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Samuel Johannes Pauli was born outside Bern, Switzerland in 1766, and became an engineer of wide interests. Among them were bridge design, passenger-carrying balloons (he would work seriously on a 15-20 passenger balloon service between London and Paris later in life), and firearms. Only a few years after Forsyth’s invention of fulminate priming, Pauly would become the first to use it in a fully self-contained cartridge. He patented this invention in Paris in 1812, having moved there in 1802 in pursuit of financing for his many grand projects (going then by the name Jean Samuel Pauly).
Pauly’s cartridge was a multi-part affair with a rimmed brass base containing a fulminate powder, connected to a paper or cardboard cartridge body which held a charge of regular gunpowder and the shot or ball to be fired. It was an expensive system, but contained all the necessary elements of a modern cartridge.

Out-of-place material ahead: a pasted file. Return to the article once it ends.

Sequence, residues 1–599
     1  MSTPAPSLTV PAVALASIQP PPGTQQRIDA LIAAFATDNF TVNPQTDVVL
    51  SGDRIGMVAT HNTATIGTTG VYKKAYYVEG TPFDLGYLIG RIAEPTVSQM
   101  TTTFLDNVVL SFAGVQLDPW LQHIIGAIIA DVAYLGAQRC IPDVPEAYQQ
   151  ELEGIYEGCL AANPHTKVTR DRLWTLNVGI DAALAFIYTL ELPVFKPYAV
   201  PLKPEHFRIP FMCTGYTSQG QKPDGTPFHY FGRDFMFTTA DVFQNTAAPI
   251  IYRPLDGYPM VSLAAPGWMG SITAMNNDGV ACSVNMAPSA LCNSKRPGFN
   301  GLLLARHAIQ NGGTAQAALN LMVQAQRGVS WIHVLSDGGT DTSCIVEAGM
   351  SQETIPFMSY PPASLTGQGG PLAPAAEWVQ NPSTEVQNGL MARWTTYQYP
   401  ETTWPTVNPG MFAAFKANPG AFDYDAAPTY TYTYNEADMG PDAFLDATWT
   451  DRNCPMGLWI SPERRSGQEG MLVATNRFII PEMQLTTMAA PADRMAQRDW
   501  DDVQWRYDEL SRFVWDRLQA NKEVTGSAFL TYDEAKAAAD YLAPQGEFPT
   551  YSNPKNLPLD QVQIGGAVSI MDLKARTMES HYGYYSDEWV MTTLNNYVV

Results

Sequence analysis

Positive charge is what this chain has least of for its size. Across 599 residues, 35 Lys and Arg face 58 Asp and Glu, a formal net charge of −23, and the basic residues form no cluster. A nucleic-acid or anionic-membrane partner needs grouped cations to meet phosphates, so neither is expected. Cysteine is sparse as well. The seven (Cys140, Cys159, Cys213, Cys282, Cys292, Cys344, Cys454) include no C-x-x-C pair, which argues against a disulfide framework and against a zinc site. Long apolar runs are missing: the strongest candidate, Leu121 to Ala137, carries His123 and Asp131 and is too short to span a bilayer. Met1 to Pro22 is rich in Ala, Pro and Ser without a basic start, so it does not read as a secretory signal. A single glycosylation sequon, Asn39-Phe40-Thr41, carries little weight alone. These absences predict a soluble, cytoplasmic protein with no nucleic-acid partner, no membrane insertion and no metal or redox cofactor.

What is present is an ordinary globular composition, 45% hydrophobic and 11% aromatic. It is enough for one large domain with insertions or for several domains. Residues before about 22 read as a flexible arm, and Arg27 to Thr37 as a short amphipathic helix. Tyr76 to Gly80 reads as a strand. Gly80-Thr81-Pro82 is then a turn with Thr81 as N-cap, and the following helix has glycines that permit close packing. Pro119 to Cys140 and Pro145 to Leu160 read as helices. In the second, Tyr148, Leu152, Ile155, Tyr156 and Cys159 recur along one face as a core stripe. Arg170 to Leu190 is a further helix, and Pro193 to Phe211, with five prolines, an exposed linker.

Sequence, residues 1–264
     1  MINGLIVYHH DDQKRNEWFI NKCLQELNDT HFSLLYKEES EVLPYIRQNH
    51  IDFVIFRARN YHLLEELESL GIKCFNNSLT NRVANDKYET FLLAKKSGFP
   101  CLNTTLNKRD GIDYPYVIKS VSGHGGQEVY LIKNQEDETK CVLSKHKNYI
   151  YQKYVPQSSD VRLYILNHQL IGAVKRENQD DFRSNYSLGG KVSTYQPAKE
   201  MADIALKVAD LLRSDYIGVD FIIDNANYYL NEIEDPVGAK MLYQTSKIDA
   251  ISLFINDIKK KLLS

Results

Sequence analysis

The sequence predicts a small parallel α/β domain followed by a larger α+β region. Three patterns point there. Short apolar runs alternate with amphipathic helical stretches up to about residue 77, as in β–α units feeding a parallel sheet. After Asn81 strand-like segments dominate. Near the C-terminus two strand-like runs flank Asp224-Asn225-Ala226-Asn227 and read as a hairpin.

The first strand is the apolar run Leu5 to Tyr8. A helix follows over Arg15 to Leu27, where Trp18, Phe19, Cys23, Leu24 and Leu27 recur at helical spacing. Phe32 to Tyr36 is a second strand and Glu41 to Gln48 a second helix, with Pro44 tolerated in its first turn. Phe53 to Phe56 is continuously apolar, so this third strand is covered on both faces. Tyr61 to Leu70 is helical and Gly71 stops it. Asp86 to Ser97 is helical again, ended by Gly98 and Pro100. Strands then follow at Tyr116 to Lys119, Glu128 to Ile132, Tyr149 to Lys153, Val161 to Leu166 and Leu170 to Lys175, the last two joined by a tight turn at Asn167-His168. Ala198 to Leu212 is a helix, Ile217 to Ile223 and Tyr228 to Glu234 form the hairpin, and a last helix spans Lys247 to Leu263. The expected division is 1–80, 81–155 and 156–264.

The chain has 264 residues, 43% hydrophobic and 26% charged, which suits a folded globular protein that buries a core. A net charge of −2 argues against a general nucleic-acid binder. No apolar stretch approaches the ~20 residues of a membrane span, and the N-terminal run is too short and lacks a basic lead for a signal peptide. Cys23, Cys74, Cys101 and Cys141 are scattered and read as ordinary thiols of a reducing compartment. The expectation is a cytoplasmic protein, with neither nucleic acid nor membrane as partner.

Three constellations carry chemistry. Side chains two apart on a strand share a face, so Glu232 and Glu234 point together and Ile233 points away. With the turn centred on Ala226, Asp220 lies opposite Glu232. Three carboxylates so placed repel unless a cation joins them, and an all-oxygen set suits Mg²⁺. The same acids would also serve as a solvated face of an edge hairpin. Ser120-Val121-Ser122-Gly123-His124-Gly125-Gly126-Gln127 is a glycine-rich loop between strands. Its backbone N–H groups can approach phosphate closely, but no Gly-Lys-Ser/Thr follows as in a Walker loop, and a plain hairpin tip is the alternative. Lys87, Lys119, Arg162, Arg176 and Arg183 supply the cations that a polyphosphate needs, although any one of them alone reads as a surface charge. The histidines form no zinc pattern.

Pauly would move to England in 1814 (then taking the name Samuel John Pauly) in pursuit of aviation inventions, although he continued to tinker on his firearms design and filed to additional patent improvements. He died in London in 1821, and his name and work became rather obscure. His former apprentices would carry on his legacy in their own work – Nicolaus Dreyse would produce the needle fire system of Dreyse rifles used by the Prussian military, and Casimir Lefaucheux would create the pinafore system based on Pauly’s designs. Lefaucheux in fact became owner of the company in 1827, and with his son would provide the most direct link between Pauly’s design and the modern metallic cartridge.
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